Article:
While the rest of the industry is celebrating all-time record U.S. sales in 2015, Volkswagen is the only major automaker that saw its sales drop last year. But that’s nothing new for the German auto brand, which has been struggling in the U.S. for years as consumers shy away from its core sedans and hatchbacks and flock to utility vehicles made by its rivals.
Volkswagen of America, the U.S. subsidiary of Germany’s Volkswagen AG, said Tuesday it delivered nearly 350,000 VW brand vehicles in the U.S. last year, led by the Jetta sedan and Tiguan compact crossover SUV, which had a record year.
“As we look towards 2016, we are committed to rebuilding trust in the brand and would like to thank our customers and dealers for their continued patience and loyalty,” Mark McNabb, chief operating officer of Volkswagen of America, said in a statement.
Sales dropped 5 percent last year compared to 2014 when sales dropped 10 percent. VW had had three consecutive years of losses, which has been largely attributed to the poor timing in introducing new SUVs to the U.S. market.
“They haven’t had have the strongest portfolio in this market,” Jeremy Acevedo, research associate at Edmunds.com, said. “Globally, when you think about Volkswagen you think of the Golf. It’s their bread and butter vehicle and a great car. But it doesn’t resonate with the American car-buying public that wants SUVs.”
Volkswagen’s two SUVs have been out for a while. The Tiguan debuted in the 2008 model year and is entering its second generation for the 2016 model year. The Touareg entered its second generation in 2011 and will be replaced in 2017. Typically, the average consumer vehicles enters a new generation — meaning a radical redesign and engineering upgrades — about every five years in order to reinvigorate sales of particular brands.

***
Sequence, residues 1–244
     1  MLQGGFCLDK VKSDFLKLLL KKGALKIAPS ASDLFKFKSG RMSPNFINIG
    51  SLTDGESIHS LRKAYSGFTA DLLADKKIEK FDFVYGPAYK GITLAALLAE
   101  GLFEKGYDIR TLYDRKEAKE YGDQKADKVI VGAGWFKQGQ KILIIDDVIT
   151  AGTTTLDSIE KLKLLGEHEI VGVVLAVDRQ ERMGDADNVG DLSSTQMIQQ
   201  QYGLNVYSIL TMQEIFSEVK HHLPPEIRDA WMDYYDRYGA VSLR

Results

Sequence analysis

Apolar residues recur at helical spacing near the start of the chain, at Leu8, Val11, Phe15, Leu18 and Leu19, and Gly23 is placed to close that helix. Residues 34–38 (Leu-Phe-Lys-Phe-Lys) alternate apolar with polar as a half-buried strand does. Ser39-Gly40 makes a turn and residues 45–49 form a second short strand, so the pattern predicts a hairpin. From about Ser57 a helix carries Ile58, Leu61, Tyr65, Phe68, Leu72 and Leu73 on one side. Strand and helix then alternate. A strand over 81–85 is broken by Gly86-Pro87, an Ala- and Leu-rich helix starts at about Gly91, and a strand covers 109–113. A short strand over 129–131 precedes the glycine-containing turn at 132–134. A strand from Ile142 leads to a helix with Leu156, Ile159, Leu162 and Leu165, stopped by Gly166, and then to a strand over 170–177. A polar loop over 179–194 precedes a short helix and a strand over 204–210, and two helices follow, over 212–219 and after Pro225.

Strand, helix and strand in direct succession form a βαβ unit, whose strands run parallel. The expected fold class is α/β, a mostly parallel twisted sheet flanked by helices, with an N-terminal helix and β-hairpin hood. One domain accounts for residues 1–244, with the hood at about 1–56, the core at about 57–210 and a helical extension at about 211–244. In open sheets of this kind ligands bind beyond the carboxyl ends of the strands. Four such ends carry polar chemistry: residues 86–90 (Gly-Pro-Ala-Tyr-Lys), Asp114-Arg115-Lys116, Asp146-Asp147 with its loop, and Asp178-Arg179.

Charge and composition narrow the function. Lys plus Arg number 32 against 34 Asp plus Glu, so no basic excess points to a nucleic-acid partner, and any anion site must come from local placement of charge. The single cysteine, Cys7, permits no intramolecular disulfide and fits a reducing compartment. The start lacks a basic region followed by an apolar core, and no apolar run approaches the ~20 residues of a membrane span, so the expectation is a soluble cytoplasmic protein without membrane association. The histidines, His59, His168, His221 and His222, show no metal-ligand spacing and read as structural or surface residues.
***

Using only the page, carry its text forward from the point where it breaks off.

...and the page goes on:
Volkswagen has big plans to change this. Despite its diesel emissions scandal, the automaker has no plans to scale back on introducing new SUVs to the U.S. market, starting in the 2017 model year with new Tennessee-built seven-passenger utility vehicle slated to replace the Touareg in the 2017 model year.
The company has set aside at least $7.3 billion to cover the penalties of selling “clean diesel” cars with software designed to deceive federal emissions tests, and has cut $1.1 billion in investments. On Monday, the U.S. Justice Department announced charges against Volkswagen for violating the U.S. Clean Air Act that could cost as much as $19 billion. The company also faces class action lawsuits in the U.S. and other legal actions abroad.
But it’s serious about boosting U.S. sales, and could resort to spinning off other brands — including Bentley, Lamborghini and Ducati — to strengthen its financial position before it ditches efforts to boost U.S. sales.